AUSTRIA - Austrian unions have voiced their support of fair-finance - the newest provider of severance-pay funds - in its bid to increase competition in the market.
Since 2003, each employer has had to pay into a severance-pay fund for new employees. The same institutions that run Pensionskassen mostly offer these funds.
But last year, fair-finance entered the market, co-owned by founder Markus Zeilinger, former head of Bonus Pensionskasse, private shareholders, GLS Bank and the oeco capital insurance company.
Zeilinger said he wanted to see an evaluation of severance-pay funds included in a pending amendment of the legal framework.
“Currently, employers are not really thinking about the issue of a severance pay fund,” he said. “They made a decision several years ago and put the topic out of their minds.”
Together with unions and the labour chamber (AK), Zeilinger has called for a regular evaluation of the fund every 10 years as part of the due diligence for employers and worker representatives at companies.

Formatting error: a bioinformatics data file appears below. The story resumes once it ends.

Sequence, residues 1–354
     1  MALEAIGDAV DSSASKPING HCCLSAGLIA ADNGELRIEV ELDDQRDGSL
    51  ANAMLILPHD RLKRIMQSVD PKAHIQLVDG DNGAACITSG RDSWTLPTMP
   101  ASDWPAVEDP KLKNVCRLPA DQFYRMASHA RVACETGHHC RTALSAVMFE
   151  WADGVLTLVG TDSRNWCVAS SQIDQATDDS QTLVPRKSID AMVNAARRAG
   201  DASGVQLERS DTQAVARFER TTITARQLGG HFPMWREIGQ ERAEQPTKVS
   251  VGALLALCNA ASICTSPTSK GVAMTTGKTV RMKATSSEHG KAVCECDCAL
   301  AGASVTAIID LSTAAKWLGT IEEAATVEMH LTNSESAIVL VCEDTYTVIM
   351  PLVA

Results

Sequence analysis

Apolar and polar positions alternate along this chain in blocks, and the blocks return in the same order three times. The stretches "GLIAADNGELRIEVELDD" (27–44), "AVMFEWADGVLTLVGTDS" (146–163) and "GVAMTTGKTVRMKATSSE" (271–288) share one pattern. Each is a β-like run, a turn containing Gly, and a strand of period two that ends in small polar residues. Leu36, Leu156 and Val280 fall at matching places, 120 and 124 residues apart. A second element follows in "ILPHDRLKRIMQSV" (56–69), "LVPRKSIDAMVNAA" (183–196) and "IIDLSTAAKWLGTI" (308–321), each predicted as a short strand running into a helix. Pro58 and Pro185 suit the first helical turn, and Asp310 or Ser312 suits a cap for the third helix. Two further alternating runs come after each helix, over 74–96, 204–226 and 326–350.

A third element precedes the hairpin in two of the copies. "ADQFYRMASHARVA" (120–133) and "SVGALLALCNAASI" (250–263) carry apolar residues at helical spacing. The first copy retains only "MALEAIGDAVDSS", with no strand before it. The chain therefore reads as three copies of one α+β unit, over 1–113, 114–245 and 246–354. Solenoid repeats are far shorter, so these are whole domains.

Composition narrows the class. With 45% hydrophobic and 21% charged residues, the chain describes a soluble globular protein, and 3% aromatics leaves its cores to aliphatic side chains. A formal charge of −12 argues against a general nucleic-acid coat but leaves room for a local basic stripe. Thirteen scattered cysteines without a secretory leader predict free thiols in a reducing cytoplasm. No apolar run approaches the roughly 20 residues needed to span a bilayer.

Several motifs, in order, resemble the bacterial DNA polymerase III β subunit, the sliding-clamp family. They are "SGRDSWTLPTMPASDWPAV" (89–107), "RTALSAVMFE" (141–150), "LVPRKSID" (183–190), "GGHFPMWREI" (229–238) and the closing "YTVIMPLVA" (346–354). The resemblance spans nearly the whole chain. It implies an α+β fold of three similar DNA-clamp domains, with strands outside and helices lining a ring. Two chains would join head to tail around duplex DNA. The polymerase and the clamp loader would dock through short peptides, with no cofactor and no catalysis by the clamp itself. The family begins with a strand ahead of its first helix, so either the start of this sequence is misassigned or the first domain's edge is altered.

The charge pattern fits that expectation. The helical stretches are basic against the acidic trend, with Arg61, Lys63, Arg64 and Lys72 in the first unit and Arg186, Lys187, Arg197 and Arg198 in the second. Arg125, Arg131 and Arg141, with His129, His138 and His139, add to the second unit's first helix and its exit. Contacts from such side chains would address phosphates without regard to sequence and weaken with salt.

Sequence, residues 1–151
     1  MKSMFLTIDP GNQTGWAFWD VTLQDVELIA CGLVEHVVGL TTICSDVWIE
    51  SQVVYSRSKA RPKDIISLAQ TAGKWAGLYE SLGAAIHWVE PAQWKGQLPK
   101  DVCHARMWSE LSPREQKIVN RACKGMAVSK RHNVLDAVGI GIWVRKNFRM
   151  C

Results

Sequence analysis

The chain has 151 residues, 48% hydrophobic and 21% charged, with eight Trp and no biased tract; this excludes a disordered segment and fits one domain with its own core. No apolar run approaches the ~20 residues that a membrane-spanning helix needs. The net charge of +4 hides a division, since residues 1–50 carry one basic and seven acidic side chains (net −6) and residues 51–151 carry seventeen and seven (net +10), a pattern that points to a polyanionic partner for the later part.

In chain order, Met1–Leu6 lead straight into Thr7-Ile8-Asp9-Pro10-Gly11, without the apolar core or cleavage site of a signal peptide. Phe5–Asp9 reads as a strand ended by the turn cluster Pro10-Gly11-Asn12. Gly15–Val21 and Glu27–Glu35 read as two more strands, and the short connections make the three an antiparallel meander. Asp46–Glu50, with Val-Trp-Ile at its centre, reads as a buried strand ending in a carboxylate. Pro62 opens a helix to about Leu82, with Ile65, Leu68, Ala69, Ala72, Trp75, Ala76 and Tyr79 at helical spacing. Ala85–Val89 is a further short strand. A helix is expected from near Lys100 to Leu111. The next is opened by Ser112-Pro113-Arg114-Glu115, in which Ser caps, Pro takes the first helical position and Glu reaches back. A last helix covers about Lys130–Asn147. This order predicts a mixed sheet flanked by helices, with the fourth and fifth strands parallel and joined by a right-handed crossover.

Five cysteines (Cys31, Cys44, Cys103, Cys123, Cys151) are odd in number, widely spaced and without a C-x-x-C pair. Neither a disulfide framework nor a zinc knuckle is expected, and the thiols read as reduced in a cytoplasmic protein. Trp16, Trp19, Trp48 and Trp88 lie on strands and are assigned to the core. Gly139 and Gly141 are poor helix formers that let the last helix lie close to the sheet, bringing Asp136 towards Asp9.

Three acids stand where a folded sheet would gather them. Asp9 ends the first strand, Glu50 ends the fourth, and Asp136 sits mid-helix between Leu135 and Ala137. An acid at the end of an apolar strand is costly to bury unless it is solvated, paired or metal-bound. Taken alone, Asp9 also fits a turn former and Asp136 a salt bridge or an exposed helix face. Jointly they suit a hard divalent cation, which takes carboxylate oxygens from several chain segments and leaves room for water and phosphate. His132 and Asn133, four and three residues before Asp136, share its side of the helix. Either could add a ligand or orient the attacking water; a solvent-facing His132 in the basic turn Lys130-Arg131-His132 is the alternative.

He also said he would like to see people’s assets spread over various funds being pooled.
At the moment, people changing jobs keep an account at their former employer’s severance-pay fund and open a new one with their new employer.
“Some people already have five accounts and more,” Zeilinger said.
He wants the default to be a transfer to the newest fund at the end of the year, with an opt-out option for people who want to diversify their holdings, or are unhappy with the new severance-pay fund.
“Our competitors do not like this suggestion, but it would only mean an initial cost increase to coordinate these transfers,” Zeilinger said.
He added that this measure would eventually help save money, as most of the inquiries funds have to deal with are people asking whether or not they have an account at a certain fund, or how they can transfer the money.
Another issue discussed prior to the amendment is an increase of the 1.5% contribution made by the employer to 2.5%.
Zeilinger said the current contribution rate was calculated assuming an average 6% return, while in fact the average return is much closer to 3%.
“At the moment, Vorsorgekasse (provision fund) is the wrong name for these funds,” Zeilinger said, adding that they are not supplementary provision funds in their current form.